After a humbling sweep to the Pirates in Pittsburgh this week, the Cubs felt it necessary to make a desperate move by calling up stud shortstop Starlin Castro to start tonight against the Reds in Cincinnati. Will this desperation move come back to hurt the Cubs franchise in the long run.
First, let’s talk about the sweep (which won’t take too long). Randy Wells who had pitched so well in his 1st 5 starts looked lost out there on Thursday night — 2IP, 6ER, 5 hits, 3 walks, 1 K. Ouch. His ERA (4.86) and WHIP (1.50) are now painfully average.
Jeff Gray is an awful reliever – 2 IP, 4 runs (2 earned) on 3 hits and 2 walks.
There were 2 positives out of the Cubs pen. James Russell has really pitched well of late and seems to have regained his spring training form. He pitched 2 perfect innings and lowered his WHIP to 1.11 and his ERA to an even 3.00. Look for Manager Lou Pinella to use the lefty in “big” game situations from now on. Justin Berg pitched a scoreless inning, making it 5 straight scoreless appearances in a row. His ERA is 3.00 and his WHIP is 1.31.
But back to Starlin Castro. Castro shined in spring training, so much so that they gave Ryan Theriot time at 2nd base just in case they made the mid-season call up for Castro. So much for waiting until July to make the move. GM Jim Henry and Pinella are so frustrated with the team’s poor hitting and fielding thus far, they figure they might as well make the move now. Castro played 26 games at Double-A Tennessee this season, hitting .376 with 8 doubles and 5 triples. He is also an excellent fielder, so Cubs brass figures that even if he has trouble hitting major league hitting, he should at least helping the fielding woes that the Cubs have experience thus far this season. Castro is in the lineup tonight against the Reds – batting 8th and playing shortstop. At the ripe young age of 20, Castro becomes the youngest shortstop to play a game in franchise history. Theriot moved over to 2nd base but will still bat lead-off.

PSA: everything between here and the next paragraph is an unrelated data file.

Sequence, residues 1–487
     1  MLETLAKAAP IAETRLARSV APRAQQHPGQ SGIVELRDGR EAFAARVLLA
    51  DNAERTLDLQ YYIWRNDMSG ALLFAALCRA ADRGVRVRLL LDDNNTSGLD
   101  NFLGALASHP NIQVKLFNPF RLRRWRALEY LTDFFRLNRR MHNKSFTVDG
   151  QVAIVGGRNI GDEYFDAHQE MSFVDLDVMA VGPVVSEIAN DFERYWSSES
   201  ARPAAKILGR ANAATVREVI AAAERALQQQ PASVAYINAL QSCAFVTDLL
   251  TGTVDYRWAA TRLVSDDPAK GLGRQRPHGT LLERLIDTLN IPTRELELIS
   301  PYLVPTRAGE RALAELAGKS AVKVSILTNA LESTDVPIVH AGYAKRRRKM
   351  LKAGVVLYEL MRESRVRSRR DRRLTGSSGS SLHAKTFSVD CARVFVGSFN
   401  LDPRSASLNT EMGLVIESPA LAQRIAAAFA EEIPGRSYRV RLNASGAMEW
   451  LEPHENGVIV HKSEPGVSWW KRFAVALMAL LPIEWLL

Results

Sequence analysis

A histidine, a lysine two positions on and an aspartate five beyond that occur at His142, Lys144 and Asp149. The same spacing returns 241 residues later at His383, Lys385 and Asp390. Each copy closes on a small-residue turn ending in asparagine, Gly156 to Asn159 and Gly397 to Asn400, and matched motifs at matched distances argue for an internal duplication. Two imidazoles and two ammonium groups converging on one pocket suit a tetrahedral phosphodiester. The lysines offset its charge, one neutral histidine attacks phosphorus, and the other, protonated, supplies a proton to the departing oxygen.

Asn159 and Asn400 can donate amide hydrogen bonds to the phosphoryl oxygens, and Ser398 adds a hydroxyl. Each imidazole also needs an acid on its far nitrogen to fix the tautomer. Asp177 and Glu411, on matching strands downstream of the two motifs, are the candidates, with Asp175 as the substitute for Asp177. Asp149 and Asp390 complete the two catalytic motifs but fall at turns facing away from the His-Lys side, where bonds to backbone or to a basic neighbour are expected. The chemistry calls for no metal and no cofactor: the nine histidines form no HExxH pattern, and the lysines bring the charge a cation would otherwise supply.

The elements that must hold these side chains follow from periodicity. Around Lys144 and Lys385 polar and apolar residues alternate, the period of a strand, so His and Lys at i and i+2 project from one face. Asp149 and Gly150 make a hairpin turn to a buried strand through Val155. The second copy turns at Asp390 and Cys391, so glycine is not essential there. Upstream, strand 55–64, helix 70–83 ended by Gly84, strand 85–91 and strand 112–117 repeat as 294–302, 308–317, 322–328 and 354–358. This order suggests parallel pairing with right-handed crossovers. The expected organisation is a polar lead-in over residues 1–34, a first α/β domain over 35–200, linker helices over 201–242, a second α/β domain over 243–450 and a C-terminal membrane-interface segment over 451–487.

Although I think Castro will succeed this season, I don’t like the move. This team is a middle of the road team at best, and they are a long shot to make the playoffs – whether it be winning the NL Central or the wild card. The team is too inconsistent offensively, and adding Castro won’t really change that. I’d love to see Castro get some more time in the minor leagues. One more season can’t hurt and bringing him up and watching him struggle early could have a negative affect on the franchise’s top prospect. Plus, from a financial standpoint, bringing him up this early means that he can become a free agent one year earlier. That means having to spend more money on Castro earlier in the arbitration/free agent process. Sure, if he is worth it, it’s not a big deal. But after all the horrible contracts that Hendry has bogged the team down with, it’s time to be a little smarter here. Do I think bringing up Castro is going to lead to a 10-game winning streak? No. I think he’ll make the team more exciting to watch and maybe help bring more people to Wrigley Field everyday, but I don’t think we’re going to see any major difference in the outcome on the field over the long course of the season. I hope I’m wrong, but we’ll have to wait and see.